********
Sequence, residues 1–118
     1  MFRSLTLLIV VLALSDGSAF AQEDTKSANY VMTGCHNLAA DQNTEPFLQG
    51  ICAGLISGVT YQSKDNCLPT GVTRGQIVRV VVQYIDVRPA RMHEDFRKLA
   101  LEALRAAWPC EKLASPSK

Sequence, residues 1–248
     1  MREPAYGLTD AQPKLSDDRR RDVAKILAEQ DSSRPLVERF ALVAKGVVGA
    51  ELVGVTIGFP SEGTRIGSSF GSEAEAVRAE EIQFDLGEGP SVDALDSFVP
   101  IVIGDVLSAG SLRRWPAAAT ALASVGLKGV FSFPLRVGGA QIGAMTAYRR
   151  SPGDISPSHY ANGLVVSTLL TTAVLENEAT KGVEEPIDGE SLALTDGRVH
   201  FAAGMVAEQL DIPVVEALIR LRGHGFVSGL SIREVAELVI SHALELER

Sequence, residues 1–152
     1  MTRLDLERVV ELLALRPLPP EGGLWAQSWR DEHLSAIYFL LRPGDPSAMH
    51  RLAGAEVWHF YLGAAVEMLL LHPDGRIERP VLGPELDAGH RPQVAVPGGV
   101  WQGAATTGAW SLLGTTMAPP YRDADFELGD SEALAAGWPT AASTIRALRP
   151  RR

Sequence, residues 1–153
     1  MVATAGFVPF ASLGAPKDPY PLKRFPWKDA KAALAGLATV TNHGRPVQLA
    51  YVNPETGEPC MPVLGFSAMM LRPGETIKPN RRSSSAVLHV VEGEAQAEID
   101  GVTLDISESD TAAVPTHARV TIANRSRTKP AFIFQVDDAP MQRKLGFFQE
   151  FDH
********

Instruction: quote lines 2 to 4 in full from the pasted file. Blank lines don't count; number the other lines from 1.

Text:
     1  MFRSLTLLIV VLALSDGSAF AQEDTKSANY VMTGCHNLAA DQNTEPFLQG
    51  ICAGLISGVT YQSKDNCLPT GVTRGQIVRV VVQYIDVRPA RMHEDFRKLA
   101  LEALRAAWPC EKLASPSK